From April 1, 2017, real estate agents are now obligated to inform a seller when they receive an offer from a buyer.
The revision to the Buildings Lots and Buildings Transaction Business Act (the law that governs real estate transactions in Japan) now includes a clause stating that a seller’s agent must promptly inform the seller, with whom they have an agency agreement with, when they receive a written offer from a potential buyer. Any special clauses in agency agreements to exclude this obligation will be void. In other words, even if a seller has instructed their agent not to present any offers below a certain amount, the agent will still be legally obligated to inform the seller of any and all offers received.
This applies to all types of agency agreements such as exclusive full-time, full-time and ordinary agency agreements.
Although this may seem like common practice in many countries, Japan’s real estate industry does, at times, have some unethical practices that we sometimes encounter. There are cases of seller’s agents withholding offers from sellers even when it goes against the best interest of their client.
This recent revision is intended to counteract a growing trend whereby seller’s agents will intentionally close-off a property from the market in order to find a buyer themselves and secure a double commission from both the buyer and the seller. The seller’s agent will either withhold any offers made through other agencies, shop the offer around with their own clients, or will flat out refuse to let buyers from any other agencies view a property. In a fast-moving seller’s market, this tends to be a frequent and dirty practice. The consequence for sellers is that they miss out on potential offers, including offers that may be higher than those provided by their agent.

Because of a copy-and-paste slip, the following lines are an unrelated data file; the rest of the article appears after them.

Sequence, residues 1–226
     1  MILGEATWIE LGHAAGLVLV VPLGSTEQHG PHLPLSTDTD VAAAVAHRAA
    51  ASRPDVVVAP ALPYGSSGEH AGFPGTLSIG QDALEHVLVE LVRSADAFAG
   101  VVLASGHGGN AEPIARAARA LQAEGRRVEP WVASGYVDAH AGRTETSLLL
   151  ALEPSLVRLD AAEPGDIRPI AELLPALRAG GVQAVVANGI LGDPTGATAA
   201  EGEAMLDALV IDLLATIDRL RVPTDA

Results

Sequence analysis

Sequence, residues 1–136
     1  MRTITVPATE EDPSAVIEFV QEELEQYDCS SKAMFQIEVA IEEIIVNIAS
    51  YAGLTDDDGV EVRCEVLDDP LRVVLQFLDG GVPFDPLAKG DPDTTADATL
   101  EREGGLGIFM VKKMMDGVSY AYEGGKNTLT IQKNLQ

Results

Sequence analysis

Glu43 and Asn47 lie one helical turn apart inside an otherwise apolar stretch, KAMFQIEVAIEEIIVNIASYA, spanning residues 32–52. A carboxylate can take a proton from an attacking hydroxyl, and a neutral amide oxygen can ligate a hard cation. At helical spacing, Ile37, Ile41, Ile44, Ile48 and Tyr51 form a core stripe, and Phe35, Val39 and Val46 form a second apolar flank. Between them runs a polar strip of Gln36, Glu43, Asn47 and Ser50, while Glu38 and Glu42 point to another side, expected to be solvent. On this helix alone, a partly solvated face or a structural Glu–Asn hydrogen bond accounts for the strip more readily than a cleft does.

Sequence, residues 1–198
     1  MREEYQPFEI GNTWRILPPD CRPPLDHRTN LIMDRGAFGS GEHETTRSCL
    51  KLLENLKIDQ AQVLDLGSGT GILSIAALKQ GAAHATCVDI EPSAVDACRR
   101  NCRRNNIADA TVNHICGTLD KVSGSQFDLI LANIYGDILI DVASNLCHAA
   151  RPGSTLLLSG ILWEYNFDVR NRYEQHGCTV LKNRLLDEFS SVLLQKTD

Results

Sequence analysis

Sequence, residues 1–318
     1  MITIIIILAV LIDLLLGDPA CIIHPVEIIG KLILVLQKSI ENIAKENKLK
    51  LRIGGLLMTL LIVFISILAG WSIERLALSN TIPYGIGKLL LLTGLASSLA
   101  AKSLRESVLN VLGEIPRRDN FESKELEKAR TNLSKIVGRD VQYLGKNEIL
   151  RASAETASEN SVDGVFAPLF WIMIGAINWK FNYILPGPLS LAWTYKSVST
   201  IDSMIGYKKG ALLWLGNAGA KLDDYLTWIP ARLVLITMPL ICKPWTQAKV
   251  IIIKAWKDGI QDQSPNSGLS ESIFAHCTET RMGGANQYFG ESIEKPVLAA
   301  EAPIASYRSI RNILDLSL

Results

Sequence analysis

What happens to agencies who ignore this new rule?
The new rule has not included any specific details on punishments, although agencies may be subject to disciplinary action or suspension of business activities.
Source: The Ministry of Land, Infrastructure, Transport and Tourism (MLIT), April 1, 2017.